You’re History

I wrote this about a month ago after seeing Jennifer Archibald perform at Salon de Dance at Studio@620 in St. Petersburg, Florida but I believe it is still relevant. Tomorrow I’ll attend Helen Hansen’s performance and I was just reminded again of my response to this important topic.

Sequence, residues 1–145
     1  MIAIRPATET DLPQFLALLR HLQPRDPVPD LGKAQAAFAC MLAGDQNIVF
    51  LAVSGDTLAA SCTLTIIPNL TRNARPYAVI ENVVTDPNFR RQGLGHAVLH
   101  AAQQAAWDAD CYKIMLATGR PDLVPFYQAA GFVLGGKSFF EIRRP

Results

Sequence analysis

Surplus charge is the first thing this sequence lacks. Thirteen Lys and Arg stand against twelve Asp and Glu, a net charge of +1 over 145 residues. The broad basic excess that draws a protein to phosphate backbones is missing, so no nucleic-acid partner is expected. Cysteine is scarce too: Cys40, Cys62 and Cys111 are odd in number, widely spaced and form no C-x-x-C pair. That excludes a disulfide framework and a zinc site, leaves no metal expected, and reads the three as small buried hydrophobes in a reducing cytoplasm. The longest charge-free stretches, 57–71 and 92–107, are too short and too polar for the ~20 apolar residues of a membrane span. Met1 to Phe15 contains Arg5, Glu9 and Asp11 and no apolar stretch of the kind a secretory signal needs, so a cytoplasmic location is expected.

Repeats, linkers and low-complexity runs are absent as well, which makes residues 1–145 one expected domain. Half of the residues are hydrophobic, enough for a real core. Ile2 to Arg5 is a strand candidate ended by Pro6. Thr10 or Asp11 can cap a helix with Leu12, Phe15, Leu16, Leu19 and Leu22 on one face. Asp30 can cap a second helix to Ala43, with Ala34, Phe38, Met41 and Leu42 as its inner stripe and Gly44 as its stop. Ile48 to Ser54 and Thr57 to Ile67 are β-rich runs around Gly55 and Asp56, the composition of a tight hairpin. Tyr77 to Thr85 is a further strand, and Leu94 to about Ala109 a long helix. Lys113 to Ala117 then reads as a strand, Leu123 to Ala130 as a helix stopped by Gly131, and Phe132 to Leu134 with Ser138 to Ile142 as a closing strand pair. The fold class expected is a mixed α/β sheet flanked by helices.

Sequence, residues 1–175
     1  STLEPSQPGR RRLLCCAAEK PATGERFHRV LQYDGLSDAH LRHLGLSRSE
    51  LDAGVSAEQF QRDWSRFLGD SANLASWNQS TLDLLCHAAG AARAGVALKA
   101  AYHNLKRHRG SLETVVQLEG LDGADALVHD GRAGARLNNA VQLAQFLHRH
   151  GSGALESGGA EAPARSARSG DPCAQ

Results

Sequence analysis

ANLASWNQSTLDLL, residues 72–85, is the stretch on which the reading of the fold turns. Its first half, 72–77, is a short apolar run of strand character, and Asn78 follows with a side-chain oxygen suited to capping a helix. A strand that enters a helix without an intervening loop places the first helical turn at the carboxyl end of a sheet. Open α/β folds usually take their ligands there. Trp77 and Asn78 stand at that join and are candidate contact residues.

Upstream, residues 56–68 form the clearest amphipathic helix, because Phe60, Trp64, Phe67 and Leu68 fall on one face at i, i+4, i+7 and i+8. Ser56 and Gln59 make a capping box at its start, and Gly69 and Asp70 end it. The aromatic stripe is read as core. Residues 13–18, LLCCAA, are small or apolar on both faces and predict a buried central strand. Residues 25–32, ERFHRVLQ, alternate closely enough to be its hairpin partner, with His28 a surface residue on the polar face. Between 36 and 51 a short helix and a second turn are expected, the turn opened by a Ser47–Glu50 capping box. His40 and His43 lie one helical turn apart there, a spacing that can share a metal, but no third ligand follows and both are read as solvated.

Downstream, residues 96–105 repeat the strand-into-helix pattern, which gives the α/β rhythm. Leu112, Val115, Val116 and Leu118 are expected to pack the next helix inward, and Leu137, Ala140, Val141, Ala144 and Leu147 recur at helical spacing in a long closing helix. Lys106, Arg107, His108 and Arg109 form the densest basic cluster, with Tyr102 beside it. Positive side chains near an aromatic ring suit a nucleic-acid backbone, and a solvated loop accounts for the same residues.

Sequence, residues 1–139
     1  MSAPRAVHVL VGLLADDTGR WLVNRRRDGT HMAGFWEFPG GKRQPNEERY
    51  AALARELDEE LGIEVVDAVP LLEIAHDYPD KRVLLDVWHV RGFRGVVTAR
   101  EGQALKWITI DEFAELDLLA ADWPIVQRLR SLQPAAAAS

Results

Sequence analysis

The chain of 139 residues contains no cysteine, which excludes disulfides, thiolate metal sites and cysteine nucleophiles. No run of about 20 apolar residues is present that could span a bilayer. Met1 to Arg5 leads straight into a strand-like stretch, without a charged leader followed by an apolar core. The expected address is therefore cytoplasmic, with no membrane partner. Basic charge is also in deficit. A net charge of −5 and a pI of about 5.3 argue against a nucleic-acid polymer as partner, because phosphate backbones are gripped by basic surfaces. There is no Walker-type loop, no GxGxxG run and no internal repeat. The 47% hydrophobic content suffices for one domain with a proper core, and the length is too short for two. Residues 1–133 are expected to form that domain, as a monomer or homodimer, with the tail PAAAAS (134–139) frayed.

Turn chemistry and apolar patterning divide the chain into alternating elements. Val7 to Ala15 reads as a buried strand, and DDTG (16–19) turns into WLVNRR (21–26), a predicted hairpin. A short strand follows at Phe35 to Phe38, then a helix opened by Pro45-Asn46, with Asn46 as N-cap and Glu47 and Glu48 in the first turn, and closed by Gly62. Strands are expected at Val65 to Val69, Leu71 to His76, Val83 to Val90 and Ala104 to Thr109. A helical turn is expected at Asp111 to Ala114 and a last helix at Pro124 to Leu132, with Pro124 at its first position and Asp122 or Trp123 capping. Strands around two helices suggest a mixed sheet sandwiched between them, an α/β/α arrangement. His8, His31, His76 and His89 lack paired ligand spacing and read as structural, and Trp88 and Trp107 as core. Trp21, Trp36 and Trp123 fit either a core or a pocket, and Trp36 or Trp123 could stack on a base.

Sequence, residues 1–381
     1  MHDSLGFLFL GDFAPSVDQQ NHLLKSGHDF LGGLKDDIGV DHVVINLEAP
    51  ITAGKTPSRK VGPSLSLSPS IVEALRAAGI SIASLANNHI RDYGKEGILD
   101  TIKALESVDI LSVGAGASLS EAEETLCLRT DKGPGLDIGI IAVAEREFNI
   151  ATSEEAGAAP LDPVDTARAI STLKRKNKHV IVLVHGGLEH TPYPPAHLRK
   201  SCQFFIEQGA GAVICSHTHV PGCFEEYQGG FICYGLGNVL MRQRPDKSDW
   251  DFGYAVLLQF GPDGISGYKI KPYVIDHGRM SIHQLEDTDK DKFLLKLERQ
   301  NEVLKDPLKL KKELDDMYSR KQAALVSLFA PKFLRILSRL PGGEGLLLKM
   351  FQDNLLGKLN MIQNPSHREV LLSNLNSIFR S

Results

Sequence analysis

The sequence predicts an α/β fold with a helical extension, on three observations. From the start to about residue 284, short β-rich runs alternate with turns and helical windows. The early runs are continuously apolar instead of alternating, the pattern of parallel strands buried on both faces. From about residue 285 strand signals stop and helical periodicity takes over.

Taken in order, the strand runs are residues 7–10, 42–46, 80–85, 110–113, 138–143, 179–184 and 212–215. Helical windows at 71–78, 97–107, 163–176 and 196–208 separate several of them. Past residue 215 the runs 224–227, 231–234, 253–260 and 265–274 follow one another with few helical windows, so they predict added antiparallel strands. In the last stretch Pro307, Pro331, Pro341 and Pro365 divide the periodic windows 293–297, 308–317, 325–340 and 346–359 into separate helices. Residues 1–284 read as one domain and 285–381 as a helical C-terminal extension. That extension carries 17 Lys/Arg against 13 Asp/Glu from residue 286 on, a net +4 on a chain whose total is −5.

I’ve been sitting quietly in the wings of the Internet watching the conversation that occurred in the dance communities after Alistair Macauley’s article, “Choreographic Climate Change.” Many dancers and choreographers were absolutely enraged or astounded by some of the statements that Macauley made in this article and a few dance ethnographers, critics and writers countered his sweeping generalizations with intelligent answers that highlight the flaws in many of his arguments. While his article discussed what he believed is a lack of focus within dance over the last decade, what I found most troubling was his claim that “dance is the art with no history.” I’ve been wondering what it means to label the ephemeral as having no history. The body itself contains an enormous amount of history and dance is the art that utilizes the body first and foremost in communication. Yet, often the body’s history is ignored as it is not easily decipherable. I’m interested in this because my work as a writer attempts to communicate with the language of the body, its nuances and its various histories. The body is absolutely fascinating and anyone who studies it or focuses on it, regardless of which field they approach it from, understands this. It is an organism that is what we depend on to survive, that we derive our identity from, our pleasure from and from whence new forms of life originate. It is an amazingly complicated system that is designed to survive, constantly repairing itself and breaking down, aging and revealing new elements to us. The body has a very subtle, powerful and honest vocabulary that says things where words cannot. Yet, we have no formal codification of this vocabulary and so we don’t understand how interesting and complex our own bodies are as we often focus mainly on our minds and we divorce our minds from our bodies. That is where the disconnect between a written text and a choreographed piece comes into play. Yet, both of these have histories that originate from the body. Maybe humanity – or more precisely Western culture – should really pay attention to what the body is trying to say, how it says it and what its concept of the ephemeral means to all of us. Maybe once we grasp the significance of the ephemeral we will come to terms with the fact that all history is ephemeral because all of it is written by the body.